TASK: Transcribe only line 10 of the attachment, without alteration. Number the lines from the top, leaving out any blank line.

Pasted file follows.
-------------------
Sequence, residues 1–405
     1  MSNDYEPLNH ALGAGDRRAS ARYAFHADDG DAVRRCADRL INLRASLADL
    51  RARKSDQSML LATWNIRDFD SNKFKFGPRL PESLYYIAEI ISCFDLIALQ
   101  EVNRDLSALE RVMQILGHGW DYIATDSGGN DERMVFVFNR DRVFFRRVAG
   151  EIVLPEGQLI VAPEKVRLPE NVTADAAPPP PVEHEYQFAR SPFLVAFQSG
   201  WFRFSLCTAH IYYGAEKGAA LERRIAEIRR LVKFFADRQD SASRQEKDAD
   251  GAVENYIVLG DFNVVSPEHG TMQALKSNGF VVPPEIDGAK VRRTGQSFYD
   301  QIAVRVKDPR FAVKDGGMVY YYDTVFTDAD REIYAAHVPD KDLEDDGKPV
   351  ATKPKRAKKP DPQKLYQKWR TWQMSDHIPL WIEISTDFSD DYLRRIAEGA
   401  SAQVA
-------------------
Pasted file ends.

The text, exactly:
   401  SAQVA